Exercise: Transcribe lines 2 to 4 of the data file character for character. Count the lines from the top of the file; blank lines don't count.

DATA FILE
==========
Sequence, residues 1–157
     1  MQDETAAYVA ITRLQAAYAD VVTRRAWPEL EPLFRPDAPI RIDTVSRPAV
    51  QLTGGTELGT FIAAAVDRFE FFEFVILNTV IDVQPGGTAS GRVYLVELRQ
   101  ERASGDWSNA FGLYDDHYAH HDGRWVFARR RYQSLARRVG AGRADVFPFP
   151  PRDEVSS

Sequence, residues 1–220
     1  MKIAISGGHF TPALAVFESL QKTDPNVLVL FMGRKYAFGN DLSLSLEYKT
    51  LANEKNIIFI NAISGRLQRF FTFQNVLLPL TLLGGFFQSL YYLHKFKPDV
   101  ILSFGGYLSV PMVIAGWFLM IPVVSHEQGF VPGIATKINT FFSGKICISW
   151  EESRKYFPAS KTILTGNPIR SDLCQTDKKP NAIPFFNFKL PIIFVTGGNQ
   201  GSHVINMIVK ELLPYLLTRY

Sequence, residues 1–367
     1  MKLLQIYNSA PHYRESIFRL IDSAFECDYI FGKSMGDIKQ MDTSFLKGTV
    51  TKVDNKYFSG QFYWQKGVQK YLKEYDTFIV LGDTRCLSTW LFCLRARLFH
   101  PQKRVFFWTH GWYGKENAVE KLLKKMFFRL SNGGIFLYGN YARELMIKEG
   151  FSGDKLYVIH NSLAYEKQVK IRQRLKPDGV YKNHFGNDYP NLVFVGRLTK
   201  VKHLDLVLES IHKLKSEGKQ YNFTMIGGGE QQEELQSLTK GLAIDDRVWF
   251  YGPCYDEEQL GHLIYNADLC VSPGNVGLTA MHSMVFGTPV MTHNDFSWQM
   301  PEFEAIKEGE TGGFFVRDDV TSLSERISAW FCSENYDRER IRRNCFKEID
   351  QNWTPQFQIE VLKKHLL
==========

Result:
     1  MQDETAAYVA ITRLQAAYAD VVTRRAWPEL EPLFRPDAPI RIDTVSRPAV
    51  QLTGGTELGT FIAAAVDRFE FFEFVILNTV IDVQPGGTAS GRVYLVELRQ
   101  ERASGDWSNA FGLYDDHYAH HDGRWVFARR RYQSLARRVG AGRADVFPFP